UK Can Grow itself Out of 'Eyewatering' Deficit say Economists

- UK at post-war record
- Tax hikes will be needed - Pantheon Macroeconomics

- PwC says economy can grow itself out of debt
- Economic output forecast to fall 11.3% in 2020


Above: The Chancellor Rishi Sunak leaves 11 Downing Street on his way to parliament where he will deliver his Spending Review. Image copyright

The UK government announced mid-week that it would borrow significantly more money than at any other point in its peacetime history, but one economist says the bill is affordable provided the economy is encouraged to grow and debt repayments remain near record historical lows.

Despite the largest slump in the UK economy in more than 300 years, the UK government has committed to increase spending to support the economy and continue the fight against the covid medical crisis.

Chancellor of the Exchequer Rishi Sunak announced in his Spending Review that core day-to-day departmental spending would rise by £14.8BN in cash terms next year compared to 2020/21. From 2019/20 levels, that is an average growth of 3.8% a year, which the Treasury says is the fastest rate in 15 years and confirms that a return to the austerity that characterised the early years of the previous decade won't be repeated.

The independent Office for Budget Responsibility (OBR) has said in response to the Spending Review their central forecasts show the government will receive an income that is £57BN lower than last year, while it is on target to spend £281BN more than it did last year thanks to the crisis.

The deficit between what is earned and what is spent will therefore grow to a sizeable £394BN for the fiscal year ending in March 2021. 

Public spending

To lower the UK's debt burden, economists are warning significant tax rises and/or spending cuts will need to be executed in the future.

"With the demographic pressure on spending on health and pensions set to increase over the coming years and the government committed to spending more in 'left behind' communities, big tax rises look inevitable," says Samuel Tombs, Chief U.K. Economist at Pantheon Macroeconomics.

But, fears of sharp tax rises or deep spending cuts in future years to fund the gap between income and expenditure could yet prove premature, according to economists we follow.

"We knew that the UK borrowing figures would be eye watering. However, despite borrowing forecast to reach £394 billion this year, there are reasons to be optimistic - with a vaccine rollout on the horizon, the UK economy should be able to grow itself out of the deficit. So, despite a sharp increase, the deficit should come down sharply once the economy starts to recover," says Jonathan Gillham, PwC chief economist.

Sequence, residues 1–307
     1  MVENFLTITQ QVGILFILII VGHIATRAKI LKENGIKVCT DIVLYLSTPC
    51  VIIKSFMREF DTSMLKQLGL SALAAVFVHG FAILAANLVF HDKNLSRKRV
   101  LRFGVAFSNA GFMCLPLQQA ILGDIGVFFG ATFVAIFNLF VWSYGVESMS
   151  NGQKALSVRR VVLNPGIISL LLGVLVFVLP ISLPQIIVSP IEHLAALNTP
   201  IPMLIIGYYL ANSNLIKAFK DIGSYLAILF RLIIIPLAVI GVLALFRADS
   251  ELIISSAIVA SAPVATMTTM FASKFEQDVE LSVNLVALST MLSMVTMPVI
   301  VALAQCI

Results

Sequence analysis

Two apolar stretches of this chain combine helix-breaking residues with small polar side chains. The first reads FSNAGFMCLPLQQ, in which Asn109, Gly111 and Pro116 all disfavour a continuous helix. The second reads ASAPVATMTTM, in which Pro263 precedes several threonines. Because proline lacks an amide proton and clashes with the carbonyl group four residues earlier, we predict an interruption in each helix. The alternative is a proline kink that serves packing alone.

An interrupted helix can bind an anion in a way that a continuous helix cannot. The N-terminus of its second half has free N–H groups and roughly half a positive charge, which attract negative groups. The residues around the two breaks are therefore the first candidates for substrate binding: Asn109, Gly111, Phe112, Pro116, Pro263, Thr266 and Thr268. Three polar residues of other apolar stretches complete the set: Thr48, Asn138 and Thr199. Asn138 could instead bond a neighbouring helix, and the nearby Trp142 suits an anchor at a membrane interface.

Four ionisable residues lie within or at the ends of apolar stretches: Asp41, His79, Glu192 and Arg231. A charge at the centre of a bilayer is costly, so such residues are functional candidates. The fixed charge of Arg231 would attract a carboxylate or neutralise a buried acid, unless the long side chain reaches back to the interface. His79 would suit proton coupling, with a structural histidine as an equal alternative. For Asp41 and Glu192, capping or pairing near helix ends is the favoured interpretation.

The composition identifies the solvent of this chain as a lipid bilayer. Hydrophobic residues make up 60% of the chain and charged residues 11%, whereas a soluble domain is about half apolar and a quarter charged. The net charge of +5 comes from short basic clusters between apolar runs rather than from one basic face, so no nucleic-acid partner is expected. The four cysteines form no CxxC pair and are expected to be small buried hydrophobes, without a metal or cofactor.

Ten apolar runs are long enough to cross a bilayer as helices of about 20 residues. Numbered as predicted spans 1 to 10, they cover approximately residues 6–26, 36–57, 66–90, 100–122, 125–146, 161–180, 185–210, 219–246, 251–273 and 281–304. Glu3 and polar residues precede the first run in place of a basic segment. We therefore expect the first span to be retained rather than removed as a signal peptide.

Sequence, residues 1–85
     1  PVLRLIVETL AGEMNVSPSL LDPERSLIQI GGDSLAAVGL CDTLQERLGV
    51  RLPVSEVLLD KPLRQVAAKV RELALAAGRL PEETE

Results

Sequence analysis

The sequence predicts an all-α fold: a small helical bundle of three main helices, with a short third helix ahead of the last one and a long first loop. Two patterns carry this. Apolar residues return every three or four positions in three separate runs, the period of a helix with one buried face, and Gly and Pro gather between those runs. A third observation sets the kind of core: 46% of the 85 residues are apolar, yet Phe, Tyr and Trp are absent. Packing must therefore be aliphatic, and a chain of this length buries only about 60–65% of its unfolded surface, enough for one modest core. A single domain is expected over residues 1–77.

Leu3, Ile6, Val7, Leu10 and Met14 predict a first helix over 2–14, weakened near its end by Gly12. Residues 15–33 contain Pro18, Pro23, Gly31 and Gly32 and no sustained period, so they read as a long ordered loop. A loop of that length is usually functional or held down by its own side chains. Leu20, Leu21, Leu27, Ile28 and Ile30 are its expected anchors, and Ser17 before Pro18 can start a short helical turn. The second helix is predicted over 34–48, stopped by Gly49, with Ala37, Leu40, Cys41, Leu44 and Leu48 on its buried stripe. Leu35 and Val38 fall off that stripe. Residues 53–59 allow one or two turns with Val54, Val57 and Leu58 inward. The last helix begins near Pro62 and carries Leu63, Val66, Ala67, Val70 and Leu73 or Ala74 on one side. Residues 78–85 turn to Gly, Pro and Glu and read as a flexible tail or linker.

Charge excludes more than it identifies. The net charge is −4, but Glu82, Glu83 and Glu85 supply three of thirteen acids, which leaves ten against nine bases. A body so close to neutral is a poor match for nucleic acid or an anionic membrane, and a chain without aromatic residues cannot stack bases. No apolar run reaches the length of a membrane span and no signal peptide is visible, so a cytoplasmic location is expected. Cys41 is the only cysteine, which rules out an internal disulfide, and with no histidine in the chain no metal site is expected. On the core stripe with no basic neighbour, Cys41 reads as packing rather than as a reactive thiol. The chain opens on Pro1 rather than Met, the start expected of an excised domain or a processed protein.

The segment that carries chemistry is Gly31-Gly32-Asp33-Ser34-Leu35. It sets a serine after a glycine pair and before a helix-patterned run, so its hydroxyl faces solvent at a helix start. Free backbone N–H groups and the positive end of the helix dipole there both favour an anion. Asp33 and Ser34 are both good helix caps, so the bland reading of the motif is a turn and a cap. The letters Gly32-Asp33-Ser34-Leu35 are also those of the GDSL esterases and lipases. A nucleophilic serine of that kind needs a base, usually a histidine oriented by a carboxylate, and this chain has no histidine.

The OBR estimates borrowing this year will be at £394BN - or 19% of GDP - and will fall to 7.4% of GDP in 2021/22, 4.4% in 2022/23, and 4% in 2023/24.

"Fiscally hawkish Conservative members of parliament as well as some senior civil servants are apparently urging the government to begin – perhaps as soon as the next budget in March 2021 – a period of austerity to reduce debt and balance the public sector finances," says Kallum Pickering, Senior Economist at Berenberg Bank.

But Pickering says there is a case to be made for doing nothing yet as borrowing levels will settle back down to sustainable levels "relatively quickly"based on OBR forecasts, unlike was the case following the 2008 financial crisis when a "gaping structural deficit" opened, which could only be closed by cutting spending says Pickering.

"The benefits of spending aggressively to finance job and income support as well as public investment programmes, at a time when economic output is more than 10% below normal, far outweigh any distant risks that could materialise from the ongoing rise in public debt," says Pickering.

Despite the government's commitment to increase departmental spending, the OBR says the spending increase would largely fall in areas focussed on fighting the medical emergency and that a large temporary boost to departments’ budgets masks cuts to future budgets relative to the totals set out by the Chancellor in the March Budget.